London — The parks of England, usually lush with green grass, have turned yellow. Even the spot known as the source of the mighty River Thames has.
The U.K. has experienced months of low rainfall and high temperatures. Last month was the driest July recorded in England in almost 90 years, since 1935.
The British government's environmental agency has warned that if the dry conditions continue, "many parts of England will move into drought."
The combination of low rainfall and successive heat waves has hit farmers hard. Some are already seeing their crop yields decline. Vegetables like broccoli and brussels sprouts should be planted now to harvest in the winter, but with much of their land parched, some farmers are delaying planting the new crop.
Others are going ahead, unsure how much might survive.
The dry conditions are also affecting livestock farmers. Fields where cattle graze have dried the grass that should be feeding on now. Just, many British and European farmers are already using their winter feed, which could cause problems later in the year.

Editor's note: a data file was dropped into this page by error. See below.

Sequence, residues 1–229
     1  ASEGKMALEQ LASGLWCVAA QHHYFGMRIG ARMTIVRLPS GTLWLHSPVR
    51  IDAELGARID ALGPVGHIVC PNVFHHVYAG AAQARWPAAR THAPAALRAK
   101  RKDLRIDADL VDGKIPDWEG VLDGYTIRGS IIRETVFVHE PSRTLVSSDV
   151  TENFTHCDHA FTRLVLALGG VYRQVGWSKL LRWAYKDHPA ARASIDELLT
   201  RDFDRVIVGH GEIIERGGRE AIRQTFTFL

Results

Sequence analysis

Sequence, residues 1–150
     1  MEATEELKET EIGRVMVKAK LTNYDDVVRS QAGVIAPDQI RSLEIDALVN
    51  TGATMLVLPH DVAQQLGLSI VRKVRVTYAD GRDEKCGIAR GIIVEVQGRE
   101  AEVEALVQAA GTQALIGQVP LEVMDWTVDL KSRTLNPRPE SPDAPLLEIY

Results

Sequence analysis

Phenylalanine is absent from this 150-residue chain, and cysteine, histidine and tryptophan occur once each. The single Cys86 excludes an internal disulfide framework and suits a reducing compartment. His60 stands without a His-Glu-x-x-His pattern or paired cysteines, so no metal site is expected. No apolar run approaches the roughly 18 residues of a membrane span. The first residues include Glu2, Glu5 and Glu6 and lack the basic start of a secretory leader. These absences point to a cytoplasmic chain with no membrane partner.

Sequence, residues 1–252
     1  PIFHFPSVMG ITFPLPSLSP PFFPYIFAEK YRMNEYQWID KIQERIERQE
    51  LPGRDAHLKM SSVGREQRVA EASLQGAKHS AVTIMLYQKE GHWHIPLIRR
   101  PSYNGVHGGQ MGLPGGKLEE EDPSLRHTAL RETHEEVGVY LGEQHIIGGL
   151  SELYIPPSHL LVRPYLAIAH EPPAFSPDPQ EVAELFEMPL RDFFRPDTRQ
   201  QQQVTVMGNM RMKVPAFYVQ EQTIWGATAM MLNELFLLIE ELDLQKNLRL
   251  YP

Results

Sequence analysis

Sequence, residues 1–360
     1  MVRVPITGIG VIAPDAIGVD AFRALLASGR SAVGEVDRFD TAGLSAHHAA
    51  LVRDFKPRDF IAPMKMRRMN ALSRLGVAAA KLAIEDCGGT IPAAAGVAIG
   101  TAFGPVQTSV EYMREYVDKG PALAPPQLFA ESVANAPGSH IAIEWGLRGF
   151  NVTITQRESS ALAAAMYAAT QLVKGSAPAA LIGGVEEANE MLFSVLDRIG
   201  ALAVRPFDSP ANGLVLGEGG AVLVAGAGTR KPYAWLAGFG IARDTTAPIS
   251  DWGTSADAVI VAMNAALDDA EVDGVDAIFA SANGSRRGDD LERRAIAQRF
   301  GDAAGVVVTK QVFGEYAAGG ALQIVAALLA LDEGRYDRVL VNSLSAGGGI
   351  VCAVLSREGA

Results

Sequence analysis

Much of the European continent struggling under similar conditions, with dry spells and heat waves shrinking waterways, cracking farmland and allowing wild fires to rage.
More than 60% of the EU and U.K.'s combined lands are now under drought warnings or alerts, according to the European Drought Observatory.
One senior scientist with the European Commission warned that Europe is on course to suffer through its worst drought in 500 years.
Wildfires are charring thousands of acres of tinder-dry brush and destroying homes in Spain, Portugal and France.
French officials have already declared it the country's "most severe" drought on record. Authorities there say dozens of municipalities have seen their drinking water supplies run dry, leaving them to rely on water brought in by tanker trucks.
In Germany, water levels of the Rhine River have dropped so far that it's making it harder for ships to transport goods, including coal and gasoline, which the country sorely needs amid soaring global energy prices.
Some ships are being forced to carry only 25% of their usual cargo capacity to avoid running aground.
Scientists have said heat waves are increasing in both frequency and intensity faster in Europe than almost anywhere else on Earth, and they say human-induced climate change is playing a critical role in those changing weather patterns.